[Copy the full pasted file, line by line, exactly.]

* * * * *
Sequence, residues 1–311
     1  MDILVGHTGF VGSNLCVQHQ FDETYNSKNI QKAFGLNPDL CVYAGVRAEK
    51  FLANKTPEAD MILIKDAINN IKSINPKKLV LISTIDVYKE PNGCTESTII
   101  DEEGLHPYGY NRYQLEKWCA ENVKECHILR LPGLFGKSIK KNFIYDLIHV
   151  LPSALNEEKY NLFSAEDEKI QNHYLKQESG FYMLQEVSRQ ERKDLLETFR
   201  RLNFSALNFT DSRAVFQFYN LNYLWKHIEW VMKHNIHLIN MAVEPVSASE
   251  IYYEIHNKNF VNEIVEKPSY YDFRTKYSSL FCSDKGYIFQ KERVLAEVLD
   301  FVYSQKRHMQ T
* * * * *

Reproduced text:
Sequence, residues 1–311
     1  MDILVGHTGF VGSNLCVQHQ FDETYNSKNI QKAFGLNPDL CVYAGVRAEK
    51  FLANKTPEAD MILIKDAINN IKSINPKKLV LISTIDVYKE PNGCTESTII
   101  DEEGLHPYGY NRYQLEKWCA ENVKECHILR LPGLFGKSIK KNFIYDLIHV
   151  LPSALNEEKY NLFSAEDEKI QNHYLKQESG FYMLQEVSRQ ERKDLLETFR
   201  RLNFSALNFT DSRAVFQFYN LNYLWKHIEW VMKHNIHLIN MAVEPVSASE
   251  IYYEIHNKNF VNEIVEKPSY YDFRTKYSSL FCSDKGYIFQ KERVLAEVLD
   301  FVYSQKRHMQ T